How to Handle a Physical Hard Drive Crash

How to Handle Physical Hard Drive Crashes

It’s an unfortunate fact of life that in one way or another all hard drives will someday crash. With that in mind, it’s essential you have a plan for how to handle a physical hard drive crash both before and after so that when the inevitable day comes you’ll be prepared and able to minimize the damage.

Learn more in this video or the transcript below about how to handle the fateful day when your hard drive crashes, with information including average hard drive lifespans, a more detailed breakdown on what a physical hard drive crash is and what it’s common symptoms are, and most importantly how to create a hard drive crash response plan.

Video Transcript

Hard Drive Crashes—An Inevitable Ending

Functional hard drives are made up of a spinning platter, tiny magnetic read-write heads hovering just above it, and a good deal of complex circuitry. A motor spins the hard drive platter at a high speed—typically between 5,400 rpm and 7,200 rpm whereas a standard record player maxes out at 78 rpm.

The read/write head doesn’t actually come into physical contact with the platter. Instead it floats on a cushion of air that separates the platter and head by as little as 5 nanometers (less than 0.0000002″), and so considering how delicate hard drives are, they frequently crash because of things like overheating or physical impact causing the head to touch the hard drive’s platter.

Over time every hard drive will fail in some way or another, meaning that when it comes to handling a crash you not only need a plan for what to do after the crash, but also have a proactive approach like regular data backups to prepare for inevitable hard drive crashes.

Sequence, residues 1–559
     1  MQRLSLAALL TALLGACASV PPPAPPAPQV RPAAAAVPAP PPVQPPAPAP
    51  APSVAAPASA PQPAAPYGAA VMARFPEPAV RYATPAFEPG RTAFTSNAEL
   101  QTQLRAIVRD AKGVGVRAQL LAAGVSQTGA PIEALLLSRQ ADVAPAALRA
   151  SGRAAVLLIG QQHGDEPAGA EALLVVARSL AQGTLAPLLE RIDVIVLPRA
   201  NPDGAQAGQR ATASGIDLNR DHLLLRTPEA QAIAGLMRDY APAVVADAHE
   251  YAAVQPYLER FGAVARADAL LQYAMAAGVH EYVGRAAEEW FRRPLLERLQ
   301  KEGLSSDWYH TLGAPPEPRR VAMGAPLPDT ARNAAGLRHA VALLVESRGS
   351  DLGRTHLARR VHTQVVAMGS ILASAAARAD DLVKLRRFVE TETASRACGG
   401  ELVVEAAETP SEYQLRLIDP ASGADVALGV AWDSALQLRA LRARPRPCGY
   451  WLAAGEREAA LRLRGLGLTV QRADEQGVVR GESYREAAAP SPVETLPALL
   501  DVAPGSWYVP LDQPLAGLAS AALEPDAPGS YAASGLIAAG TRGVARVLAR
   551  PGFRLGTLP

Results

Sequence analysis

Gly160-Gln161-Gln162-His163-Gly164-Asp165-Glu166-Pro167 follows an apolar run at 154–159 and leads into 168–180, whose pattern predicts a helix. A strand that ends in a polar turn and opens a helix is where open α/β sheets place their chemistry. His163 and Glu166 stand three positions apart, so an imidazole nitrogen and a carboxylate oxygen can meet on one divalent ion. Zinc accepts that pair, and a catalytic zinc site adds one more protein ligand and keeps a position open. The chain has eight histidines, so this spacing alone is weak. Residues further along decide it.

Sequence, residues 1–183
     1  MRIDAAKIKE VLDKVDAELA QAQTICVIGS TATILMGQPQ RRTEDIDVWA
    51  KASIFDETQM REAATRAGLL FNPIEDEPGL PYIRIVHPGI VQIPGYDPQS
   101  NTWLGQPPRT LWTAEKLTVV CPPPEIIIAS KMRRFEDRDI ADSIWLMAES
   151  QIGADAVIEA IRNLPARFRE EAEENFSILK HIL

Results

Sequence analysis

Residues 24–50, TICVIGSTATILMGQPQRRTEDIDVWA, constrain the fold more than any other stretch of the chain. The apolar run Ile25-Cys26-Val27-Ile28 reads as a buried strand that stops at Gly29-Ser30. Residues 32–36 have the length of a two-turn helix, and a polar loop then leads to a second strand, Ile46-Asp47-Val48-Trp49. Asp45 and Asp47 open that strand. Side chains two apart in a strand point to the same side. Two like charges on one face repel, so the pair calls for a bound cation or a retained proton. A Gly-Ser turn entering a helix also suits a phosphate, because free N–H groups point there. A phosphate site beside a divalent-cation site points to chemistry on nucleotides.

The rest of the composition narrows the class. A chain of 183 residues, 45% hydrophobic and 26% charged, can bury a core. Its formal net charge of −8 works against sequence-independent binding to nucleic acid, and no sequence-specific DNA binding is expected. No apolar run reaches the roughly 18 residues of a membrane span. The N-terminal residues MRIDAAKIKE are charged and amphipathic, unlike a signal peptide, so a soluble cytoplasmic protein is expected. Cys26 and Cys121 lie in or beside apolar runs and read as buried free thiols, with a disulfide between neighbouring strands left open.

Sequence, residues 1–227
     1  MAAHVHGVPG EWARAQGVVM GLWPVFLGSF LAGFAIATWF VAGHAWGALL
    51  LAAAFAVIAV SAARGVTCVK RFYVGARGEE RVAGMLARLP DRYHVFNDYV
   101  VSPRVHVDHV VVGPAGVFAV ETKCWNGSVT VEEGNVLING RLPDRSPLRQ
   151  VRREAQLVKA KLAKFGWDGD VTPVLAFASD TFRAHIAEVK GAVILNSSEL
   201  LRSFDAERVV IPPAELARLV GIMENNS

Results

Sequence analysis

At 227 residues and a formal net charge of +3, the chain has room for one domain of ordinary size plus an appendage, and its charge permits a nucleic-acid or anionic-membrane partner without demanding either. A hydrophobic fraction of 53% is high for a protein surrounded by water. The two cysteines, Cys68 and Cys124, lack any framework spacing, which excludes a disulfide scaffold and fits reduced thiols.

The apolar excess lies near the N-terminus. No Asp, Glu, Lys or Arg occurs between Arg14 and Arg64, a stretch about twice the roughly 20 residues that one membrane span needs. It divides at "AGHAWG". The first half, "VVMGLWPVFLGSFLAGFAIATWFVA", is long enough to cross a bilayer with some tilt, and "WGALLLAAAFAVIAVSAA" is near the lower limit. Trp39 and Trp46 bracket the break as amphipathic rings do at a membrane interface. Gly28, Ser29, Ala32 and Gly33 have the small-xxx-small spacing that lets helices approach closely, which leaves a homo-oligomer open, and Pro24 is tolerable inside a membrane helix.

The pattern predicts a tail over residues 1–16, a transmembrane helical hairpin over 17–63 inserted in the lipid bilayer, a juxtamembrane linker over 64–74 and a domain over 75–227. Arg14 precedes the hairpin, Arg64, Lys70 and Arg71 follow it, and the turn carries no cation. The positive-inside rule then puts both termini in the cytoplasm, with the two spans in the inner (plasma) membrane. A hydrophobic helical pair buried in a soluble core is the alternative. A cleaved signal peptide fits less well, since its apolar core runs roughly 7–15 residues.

Hard Drive Lifespans

How Long Do Hard Drives LastAccording to past studies, there’s a steady decline in average hard drive lifespans over time with the highest crash rates between year 3 and 4.

If these numbers were to extend beyond year 4, the projected estimates would show roughly 50% of drives failing after year 6.

Although there will always be outliers like water damage and overheating that cause hard drives to fail early while regular maintenance and a little bit of luck can keep them up and running longer, the main takeaway and thing to prepare for is the fact that all hard drives will eventually fail.

What Is a Physical Hard Drive Crash

There are two types of hard drive crashes—physical and logical—and with a physical crash it means some part of the hard drive is physically damaged.

More specifically, a physical hard drive crash involves the infamous head crashes where the read/write head that’s hovering mere nanometers above a drive’s spinning disk touches and scratches the platter’s magnetic data-storage surface—in turn causing severe data loss.

Common signs and symptoms of a physical hard drive crash include:

  • Excessive Heat
  • Clicking, Whirring, and Grinding Noises
  • Boot or Mount Errors
  • Slow File Access Times
  • Missing or Corrupted Files and Folders

Preparing for Crashes by Backing Up Data First

Cloud storage is a common tool used for data backupsSince hard drive failure is unavoidable and difficult to predict, one proactive step that should be taken to prepare for and minimize the damage done by a crash is regularly backing up data.

A recommended strategy is the “backup rule of three”, where as the name implies two other spare copes of files are kept in separate locations so that even in the event of multiple disasters your important information will still be safe.